Gordon Campbell | Parliament TV | Parliament Today | News Video | Crime | Employers | Housing | Immigration | Legal | Local Govt. | Maori | Welfare | Unions | Youth | Search

 


UC research into health and safety in employment legislation

UC research into health and safety in employment legislation

November 26, 2012

A team of University of Canterbury researchers are investigating the size of sentencing fines in the cases against employers of injured or killed workers.

The ultimate goal of health and safety in employment legislation is to prevent employment-related accidents by financially punishing employers of injured or killed workers, UC economics and finance researcher Dr Andrea Menclova said today.

In December 2008, the Department of Labour - now the Ministry of Business, Innovation and Employment (MOBIE) - took an appeal to the High Court for three cases.

They argued that the fines imposed by the District Court were inadequate and did not reflect the five-fold increase in the maximum fine that Parliament had written into the legislation.

``Our research indicates that the cases used in the appeal were largely representative of District Court health and safety in employment sentencing of that time and that the then Department of Labour had been trying to create a precedent for large increases in fines in HSE sentencing in general.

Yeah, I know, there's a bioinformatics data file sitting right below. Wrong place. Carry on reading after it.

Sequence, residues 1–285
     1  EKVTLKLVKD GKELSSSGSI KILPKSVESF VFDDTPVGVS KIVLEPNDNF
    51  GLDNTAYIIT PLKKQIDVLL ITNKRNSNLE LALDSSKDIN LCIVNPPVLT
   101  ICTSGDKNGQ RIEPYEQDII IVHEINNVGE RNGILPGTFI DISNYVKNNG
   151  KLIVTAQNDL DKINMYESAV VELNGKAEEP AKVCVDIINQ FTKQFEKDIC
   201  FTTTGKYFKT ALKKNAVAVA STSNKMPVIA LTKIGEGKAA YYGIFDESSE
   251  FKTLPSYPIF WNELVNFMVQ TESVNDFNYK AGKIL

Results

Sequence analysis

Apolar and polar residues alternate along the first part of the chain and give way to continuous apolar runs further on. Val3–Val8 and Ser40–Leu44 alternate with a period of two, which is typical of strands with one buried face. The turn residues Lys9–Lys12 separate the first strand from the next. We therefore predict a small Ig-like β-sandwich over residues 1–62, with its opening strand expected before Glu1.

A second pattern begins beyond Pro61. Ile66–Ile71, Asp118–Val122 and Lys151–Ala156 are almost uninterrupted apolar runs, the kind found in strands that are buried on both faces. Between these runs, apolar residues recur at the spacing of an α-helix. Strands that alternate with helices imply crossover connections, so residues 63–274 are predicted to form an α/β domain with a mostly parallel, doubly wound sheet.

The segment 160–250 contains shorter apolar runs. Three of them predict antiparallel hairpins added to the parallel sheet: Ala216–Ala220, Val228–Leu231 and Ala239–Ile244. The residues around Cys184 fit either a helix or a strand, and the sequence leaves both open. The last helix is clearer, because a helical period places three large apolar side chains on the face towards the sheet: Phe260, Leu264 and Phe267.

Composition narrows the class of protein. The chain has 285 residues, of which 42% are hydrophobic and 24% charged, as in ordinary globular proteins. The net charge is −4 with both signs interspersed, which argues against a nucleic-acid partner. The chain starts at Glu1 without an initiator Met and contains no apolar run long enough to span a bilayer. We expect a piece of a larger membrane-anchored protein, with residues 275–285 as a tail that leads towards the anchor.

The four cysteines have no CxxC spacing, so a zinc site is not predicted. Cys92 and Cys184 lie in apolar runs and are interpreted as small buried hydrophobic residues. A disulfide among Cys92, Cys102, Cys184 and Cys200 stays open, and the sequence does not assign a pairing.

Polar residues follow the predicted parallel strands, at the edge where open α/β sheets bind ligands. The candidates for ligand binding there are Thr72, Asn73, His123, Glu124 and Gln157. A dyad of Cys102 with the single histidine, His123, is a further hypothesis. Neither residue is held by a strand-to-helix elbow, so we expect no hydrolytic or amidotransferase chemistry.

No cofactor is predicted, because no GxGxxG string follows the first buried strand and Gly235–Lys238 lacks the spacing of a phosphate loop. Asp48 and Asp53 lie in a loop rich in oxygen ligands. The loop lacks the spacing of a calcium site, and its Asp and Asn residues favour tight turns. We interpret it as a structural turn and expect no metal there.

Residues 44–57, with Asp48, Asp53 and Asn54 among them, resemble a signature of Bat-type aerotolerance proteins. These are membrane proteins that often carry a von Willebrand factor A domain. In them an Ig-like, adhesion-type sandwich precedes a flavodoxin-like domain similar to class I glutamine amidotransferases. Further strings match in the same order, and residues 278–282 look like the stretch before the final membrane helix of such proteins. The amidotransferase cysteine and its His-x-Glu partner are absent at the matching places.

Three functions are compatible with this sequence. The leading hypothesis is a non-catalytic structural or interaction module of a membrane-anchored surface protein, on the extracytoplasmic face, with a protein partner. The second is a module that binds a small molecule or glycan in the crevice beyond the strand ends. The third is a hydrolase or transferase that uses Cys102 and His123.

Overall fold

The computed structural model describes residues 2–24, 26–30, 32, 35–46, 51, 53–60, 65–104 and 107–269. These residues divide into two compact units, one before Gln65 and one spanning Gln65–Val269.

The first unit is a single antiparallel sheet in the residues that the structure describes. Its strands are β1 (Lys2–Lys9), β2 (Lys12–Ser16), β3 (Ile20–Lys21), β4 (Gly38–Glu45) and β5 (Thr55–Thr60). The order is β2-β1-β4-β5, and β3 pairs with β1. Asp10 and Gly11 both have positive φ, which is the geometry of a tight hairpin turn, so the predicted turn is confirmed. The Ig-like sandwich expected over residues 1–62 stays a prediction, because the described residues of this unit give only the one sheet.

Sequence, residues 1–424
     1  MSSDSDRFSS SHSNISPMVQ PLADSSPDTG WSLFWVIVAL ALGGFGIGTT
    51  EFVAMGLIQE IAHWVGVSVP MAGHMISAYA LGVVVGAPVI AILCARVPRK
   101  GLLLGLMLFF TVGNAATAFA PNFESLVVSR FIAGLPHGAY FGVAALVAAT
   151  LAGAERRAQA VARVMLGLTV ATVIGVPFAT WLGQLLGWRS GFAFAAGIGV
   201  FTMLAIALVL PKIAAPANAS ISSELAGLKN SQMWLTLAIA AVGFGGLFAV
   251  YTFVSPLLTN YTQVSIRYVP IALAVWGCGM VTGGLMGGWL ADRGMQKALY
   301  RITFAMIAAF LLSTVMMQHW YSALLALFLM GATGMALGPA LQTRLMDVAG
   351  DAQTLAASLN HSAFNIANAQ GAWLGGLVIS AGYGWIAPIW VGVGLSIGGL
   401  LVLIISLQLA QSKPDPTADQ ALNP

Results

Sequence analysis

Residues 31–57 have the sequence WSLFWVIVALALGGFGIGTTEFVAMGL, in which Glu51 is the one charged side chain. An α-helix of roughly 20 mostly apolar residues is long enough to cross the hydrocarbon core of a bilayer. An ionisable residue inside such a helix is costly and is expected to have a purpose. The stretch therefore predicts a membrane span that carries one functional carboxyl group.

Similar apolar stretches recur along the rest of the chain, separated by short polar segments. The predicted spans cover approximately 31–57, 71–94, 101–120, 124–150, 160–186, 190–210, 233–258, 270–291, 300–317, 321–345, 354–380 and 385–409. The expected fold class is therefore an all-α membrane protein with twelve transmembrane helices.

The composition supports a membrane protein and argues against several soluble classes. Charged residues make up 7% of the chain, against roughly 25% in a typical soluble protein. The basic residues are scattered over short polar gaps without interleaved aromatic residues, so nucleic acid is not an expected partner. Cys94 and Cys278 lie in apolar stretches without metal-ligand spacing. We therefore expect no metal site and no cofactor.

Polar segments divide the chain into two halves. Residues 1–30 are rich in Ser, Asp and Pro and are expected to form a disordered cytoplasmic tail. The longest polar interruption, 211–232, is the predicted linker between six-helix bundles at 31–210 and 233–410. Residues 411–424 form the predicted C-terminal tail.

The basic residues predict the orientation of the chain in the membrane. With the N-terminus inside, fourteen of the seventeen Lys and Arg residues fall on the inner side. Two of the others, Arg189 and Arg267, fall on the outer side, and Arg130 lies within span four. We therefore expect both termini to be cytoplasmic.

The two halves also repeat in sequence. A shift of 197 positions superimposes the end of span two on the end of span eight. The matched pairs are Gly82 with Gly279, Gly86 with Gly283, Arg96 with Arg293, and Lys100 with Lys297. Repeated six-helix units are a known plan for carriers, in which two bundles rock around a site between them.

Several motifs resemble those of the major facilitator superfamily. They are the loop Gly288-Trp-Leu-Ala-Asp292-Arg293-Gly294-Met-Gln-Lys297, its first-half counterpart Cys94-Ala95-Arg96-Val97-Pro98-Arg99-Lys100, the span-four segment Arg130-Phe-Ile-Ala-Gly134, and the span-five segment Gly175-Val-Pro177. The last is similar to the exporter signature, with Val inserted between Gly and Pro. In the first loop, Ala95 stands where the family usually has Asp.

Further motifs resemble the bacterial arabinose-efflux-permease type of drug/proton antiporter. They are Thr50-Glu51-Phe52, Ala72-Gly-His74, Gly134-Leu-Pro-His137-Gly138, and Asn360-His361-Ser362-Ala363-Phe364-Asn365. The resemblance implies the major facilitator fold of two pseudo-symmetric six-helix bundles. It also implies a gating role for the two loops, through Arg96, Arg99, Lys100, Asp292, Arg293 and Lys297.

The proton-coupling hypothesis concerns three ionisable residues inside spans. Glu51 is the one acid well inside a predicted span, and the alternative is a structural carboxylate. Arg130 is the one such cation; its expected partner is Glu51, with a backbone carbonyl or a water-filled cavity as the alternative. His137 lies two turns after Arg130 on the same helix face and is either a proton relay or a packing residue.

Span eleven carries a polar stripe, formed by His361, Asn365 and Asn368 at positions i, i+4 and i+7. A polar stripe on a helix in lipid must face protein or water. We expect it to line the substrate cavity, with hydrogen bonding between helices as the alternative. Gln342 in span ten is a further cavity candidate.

``Following the High Court appeal, the average level of fines indeed increased substantially and employer’s culpability became a key determinant. In particular, our empirical research indicates that the average fine has risen from $13,000 to $33,000 and while medium to high culpability increased fines by about $20,000 prior to the appeal, it now increases them by over $30,000.

``The degree of harm suffered by the employee is not nearly as significant when determining the level of fines but continues to be very important when determining reparations. For example, an employee’s death does not seem to affect the level of fines but it increases reparations by about $20,000.

``Interestingly, however, the mean level of reparations has not increased as much as fines following the appeal and even the penalty for fatal harm has remained relatively constant (or possibly even decreased slightly), mitigating the impact of the legislation on total financial liability (fines and reparations combined).

``In addition, employers continue to receive sizeable discounts for financial limitations and these have increased over time. Prior to the appeal, an employer’s financial limitations reduced total financial liability by around $12,000 and this has now risen to $19,000. It will be interesting to see whether the Department of Labour considers the new sentencing practice adequate or whether further increases in HSE fines will be called for.’’